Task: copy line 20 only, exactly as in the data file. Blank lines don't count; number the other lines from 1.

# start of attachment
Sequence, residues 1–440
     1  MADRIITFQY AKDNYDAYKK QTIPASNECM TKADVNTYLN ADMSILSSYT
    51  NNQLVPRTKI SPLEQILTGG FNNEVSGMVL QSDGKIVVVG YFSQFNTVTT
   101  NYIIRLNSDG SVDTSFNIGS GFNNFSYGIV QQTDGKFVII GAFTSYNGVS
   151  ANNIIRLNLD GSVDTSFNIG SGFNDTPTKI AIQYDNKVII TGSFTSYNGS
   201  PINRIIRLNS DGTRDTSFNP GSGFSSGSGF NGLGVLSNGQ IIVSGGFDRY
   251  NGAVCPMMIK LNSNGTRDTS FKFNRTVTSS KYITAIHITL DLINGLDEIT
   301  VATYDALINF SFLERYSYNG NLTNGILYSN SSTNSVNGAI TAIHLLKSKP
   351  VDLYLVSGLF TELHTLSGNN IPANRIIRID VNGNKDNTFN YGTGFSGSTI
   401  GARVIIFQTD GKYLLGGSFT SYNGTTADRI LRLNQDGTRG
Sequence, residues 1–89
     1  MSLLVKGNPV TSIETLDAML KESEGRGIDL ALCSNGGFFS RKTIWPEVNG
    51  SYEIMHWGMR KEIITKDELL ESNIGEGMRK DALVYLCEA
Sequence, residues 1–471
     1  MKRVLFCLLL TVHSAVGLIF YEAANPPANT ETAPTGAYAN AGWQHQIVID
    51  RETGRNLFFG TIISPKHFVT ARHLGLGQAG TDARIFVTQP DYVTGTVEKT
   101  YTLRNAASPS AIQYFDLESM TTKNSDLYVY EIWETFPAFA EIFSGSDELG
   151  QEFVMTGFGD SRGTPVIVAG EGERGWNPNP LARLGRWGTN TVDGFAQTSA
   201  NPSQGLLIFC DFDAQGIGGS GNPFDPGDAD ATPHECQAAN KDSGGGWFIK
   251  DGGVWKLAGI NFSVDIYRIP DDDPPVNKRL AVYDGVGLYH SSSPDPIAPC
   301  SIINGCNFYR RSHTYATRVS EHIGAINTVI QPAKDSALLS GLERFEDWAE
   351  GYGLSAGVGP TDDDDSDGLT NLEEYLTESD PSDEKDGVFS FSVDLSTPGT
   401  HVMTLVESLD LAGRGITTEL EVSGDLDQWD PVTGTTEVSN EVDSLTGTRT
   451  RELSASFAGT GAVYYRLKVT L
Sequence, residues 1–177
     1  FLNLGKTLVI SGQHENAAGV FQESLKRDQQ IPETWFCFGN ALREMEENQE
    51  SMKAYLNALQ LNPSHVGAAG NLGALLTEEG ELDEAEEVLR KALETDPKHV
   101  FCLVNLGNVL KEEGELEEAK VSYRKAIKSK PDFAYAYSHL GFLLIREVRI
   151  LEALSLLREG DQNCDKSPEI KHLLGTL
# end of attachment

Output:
   251  DGGVWKLAGI NFSVDIYRIP DDDPPVNKRL AVYDGVGLYH SSSPDPIAPC